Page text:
These 3 trends are shaping the future of ed tech – Higher Ed Dive
DENVER — College leaders are ready to try something new, and they’re looking to technology to do it. That much was clear at Educause’s annual conference, held in Denver in the last week of October.
Many college officials have felt like they’ve been treading water for the past couple of years as they’ve battled a health crisis, encountered enrollment challenges and pushed back against doubts about higher education’s value. But they’re using new tools and modalities to improve student experiences plus how their institutions operate.
“Things are different these days — they’re various from the way they were before the pandemic, ” said Susan Grajek, vice president for partnerships, communities and research in Educause, during a speech at the conference. “We’re seeing that institutional and technologies leaders are ready for a new approach. ”
Here are three major ed tech trends colleges can expect.
Hybrid learning models are still shaking out
The outbreak forced hundreds of schools to further adopt virtual learning practices, including universities that already had large online footprints. At Arizona State University, for instance, officials had to convert around 900 classrooms with regard to virtual learning in a matter of weeks when the health crisis started.
Students are now expecting colleges to offer both online plus in-person options, according to several speakers and panelists.
“Our students are demanding different ways in order to learn, ” said Jess Evans, who will soon start as chief information officer at Vanderbilt University. “It is now commonplace to be like, ‘Wait, why do I have to physically walk in when I know we’re having a lecture, and We can attend the lecture remotely? ’”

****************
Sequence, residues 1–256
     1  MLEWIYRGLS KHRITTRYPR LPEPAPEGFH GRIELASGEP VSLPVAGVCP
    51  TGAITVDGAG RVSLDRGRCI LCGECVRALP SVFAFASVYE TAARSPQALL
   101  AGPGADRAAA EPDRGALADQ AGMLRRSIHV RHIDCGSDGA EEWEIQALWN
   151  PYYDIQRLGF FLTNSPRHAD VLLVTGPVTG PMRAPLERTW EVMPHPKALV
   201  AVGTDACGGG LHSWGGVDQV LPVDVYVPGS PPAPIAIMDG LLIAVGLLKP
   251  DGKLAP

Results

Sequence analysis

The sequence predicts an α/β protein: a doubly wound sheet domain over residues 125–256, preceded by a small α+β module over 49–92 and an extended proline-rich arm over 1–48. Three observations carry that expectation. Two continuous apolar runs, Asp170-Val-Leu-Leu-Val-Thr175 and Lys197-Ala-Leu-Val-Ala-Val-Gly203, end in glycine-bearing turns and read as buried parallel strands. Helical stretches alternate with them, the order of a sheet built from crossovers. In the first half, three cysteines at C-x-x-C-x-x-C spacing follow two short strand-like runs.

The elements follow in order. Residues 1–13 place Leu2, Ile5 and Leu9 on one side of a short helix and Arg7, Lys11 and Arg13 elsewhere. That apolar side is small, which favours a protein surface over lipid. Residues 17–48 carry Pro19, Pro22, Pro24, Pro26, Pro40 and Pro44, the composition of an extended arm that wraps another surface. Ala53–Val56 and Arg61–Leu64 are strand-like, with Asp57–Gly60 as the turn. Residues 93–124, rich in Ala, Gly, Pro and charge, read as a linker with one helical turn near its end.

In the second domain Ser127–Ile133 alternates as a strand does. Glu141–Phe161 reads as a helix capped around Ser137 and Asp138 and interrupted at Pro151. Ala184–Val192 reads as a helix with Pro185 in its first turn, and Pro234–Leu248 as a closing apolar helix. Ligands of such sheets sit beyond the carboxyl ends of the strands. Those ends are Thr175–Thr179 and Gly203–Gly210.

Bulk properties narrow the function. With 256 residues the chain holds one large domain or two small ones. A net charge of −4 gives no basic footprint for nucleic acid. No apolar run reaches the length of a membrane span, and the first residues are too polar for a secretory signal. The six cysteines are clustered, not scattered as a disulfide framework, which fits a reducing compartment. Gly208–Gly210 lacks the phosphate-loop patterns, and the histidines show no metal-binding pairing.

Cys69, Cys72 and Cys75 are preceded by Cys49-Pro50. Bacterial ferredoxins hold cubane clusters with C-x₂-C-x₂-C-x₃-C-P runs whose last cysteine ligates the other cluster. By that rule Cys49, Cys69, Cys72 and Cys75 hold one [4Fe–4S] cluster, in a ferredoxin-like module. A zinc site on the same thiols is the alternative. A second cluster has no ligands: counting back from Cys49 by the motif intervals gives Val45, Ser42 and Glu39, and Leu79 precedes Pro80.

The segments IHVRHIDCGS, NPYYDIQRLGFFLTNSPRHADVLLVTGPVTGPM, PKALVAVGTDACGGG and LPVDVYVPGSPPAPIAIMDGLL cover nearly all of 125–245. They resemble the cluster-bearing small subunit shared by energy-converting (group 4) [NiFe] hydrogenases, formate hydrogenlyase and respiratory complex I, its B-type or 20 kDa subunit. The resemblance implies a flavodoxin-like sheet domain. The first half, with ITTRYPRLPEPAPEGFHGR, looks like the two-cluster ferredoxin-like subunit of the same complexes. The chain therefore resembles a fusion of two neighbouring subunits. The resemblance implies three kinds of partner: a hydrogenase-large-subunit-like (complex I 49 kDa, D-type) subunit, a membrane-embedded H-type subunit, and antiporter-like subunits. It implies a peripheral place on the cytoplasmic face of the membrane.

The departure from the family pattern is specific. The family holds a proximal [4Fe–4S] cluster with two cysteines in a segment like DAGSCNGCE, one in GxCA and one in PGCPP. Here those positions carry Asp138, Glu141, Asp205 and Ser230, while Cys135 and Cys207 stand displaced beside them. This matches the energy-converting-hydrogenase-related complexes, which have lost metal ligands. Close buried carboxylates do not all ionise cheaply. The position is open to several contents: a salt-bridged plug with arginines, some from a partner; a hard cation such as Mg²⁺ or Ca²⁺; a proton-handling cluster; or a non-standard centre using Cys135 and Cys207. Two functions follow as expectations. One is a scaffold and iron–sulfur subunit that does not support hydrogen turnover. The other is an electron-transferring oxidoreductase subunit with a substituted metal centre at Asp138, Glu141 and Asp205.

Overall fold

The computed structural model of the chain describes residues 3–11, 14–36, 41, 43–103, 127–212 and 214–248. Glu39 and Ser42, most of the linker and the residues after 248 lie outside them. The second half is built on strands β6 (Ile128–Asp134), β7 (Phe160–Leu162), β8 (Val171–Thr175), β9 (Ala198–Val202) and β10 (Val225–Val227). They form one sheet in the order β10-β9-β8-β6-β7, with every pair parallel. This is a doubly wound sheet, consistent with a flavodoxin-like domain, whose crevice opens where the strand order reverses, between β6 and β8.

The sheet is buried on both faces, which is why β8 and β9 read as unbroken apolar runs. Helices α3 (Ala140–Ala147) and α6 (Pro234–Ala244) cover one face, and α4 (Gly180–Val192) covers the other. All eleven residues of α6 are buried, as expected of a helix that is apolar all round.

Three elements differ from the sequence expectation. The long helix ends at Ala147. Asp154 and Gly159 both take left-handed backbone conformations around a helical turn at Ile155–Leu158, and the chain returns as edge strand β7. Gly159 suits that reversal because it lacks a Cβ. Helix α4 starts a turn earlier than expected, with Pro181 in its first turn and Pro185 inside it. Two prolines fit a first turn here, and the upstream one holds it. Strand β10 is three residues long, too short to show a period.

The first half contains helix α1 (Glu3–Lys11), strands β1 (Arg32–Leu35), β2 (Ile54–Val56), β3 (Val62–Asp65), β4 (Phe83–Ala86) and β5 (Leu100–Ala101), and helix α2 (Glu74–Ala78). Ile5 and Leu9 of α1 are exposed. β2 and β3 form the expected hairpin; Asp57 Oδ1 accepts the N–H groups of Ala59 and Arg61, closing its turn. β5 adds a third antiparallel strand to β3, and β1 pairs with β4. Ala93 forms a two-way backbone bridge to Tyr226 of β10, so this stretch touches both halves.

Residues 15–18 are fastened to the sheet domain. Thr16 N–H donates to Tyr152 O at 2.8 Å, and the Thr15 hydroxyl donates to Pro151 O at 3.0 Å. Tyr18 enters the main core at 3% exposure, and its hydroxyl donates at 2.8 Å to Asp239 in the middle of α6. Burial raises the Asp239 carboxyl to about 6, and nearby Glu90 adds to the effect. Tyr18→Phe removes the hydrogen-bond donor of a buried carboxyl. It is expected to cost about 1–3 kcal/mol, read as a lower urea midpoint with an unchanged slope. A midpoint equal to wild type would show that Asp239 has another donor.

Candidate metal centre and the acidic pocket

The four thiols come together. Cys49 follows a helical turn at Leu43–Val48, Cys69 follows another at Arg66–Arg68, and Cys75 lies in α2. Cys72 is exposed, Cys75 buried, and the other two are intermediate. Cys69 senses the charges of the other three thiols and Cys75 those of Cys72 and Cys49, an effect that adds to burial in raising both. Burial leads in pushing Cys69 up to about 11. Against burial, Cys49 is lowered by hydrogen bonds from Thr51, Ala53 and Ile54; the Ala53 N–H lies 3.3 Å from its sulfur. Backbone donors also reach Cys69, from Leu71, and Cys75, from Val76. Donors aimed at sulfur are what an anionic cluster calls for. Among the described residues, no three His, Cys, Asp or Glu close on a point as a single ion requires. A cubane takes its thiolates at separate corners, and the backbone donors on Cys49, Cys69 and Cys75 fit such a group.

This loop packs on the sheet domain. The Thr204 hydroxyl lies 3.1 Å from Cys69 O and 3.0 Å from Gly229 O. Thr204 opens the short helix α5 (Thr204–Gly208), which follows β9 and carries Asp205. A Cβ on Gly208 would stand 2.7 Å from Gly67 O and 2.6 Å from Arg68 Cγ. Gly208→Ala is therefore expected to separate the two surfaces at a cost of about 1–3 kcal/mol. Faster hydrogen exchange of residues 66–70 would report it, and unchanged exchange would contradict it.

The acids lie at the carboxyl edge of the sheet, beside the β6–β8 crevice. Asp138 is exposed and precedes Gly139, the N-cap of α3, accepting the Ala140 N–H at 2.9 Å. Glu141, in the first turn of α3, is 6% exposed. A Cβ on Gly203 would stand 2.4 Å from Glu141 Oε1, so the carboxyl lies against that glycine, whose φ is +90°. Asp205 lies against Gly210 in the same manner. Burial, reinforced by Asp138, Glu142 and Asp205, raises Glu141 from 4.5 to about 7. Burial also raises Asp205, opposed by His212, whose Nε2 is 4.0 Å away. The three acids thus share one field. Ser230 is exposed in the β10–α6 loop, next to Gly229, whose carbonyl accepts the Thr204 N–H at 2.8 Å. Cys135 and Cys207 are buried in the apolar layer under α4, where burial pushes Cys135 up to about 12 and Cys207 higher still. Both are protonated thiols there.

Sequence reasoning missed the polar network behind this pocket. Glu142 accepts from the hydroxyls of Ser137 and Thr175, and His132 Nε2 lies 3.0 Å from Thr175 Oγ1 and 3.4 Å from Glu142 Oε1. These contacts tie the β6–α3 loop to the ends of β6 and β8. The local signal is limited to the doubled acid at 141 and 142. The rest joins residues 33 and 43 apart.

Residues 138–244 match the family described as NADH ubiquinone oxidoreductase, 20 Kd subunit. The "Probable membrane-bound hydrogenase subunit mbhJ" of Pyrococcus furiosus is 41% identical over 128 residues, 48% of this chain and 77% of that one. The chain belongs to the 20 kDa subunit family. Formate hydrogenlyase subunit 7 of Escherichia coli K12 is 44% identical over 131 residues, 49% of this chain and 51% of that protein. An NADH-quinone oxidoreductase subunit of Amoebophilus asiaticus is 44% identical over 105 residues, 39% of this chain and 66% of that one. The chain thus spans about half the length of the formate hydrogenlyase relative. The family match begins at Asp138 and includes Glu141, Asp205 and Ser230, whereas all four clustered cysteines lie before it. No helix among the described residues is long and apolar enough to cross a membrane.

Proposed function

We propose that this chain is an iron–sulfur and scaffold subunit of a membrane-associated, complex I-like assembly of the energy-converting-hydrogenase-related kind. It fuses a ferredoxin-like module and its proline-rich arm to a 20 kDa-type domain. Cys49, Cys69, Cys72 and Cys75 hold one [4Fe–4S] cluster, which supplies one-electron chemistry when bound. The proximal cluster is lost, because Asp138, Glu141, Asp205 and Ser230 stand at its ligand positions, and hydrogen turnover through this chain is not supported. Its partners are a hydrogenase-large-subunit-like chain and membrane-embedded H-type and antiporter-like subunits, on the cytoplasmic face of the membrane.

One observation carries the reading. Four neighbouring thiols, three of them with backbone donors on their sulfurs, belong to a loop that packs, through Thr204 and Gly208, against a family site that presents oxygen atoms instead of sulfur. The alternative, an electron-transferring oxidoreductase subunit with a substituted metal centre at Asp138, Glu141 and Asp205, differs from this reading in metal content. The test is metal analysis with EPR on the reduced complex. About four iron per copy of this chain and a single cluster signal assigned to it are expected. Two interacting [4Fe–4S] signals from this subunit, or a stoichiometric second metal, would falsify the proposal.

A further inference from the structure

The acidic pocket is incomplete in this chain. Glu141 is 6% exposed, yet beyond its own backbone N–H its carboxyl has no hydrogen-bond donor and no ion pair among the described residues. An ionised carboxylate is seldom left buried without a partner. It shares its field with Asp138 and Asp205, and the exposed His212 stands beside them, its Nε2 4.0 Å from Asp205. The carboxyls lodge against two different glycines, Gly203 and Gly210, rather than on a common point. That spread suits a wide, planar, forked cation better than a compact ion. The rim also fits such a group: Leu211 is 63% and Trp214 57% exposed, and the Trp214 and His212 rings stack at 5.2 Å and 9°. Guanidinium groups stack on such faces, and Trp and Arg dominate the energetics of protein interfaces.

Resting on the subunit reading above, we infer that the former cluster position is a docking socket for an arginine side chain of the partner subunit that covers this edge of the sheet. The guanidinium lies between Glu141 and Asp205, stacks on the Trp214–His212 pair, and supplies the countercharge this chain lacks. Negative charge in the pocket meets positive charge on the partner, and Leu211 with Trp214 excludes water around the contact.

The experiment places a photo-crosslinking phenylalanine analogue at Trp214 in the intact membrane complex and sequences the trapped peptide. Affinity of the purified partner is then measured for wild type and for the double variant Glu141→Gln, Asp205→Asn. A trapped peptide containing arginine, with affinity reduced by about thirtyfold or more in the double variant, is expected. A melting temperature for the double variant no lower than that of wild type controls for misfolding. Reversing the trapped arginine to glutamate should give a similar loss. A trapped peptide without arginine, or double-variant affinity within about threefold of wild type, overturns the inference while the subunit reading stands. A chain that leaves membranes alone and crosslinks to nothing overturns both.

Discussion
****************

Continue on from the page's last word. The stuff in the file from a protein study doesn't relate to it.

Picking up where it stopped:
But not all higher education experts believe that hybrid classrooms are usually the best model.
John Baker, CEO of D2L, a learning management system company, says that college officials are burning out from implementing hyflex — a hybrid education model that allows students to attend classes either virtually or within person.
Instead, Baker envisions colleges offering in-person options plus asynchronous online classes separately.
“It’s going to be this pivot in order to investing now to build high-quality online programs to be able to support each on campus and college students that are wanting to perform pure online experience, ” Baker said.
Technology could be one tool to address equity issues
Equity gaps are pervasive in advanced schooling. For instance, only 46% associated with Black learners who entered a public four-year university in 2011 completed the credential within six years, compared to 64. 7% of students overall, based on a 2019 report from the American Council on Education. Hispanic students also had a lower-than-average six-year completion rate, from 55. 7%.
The pandemic further entrenched some of those divides.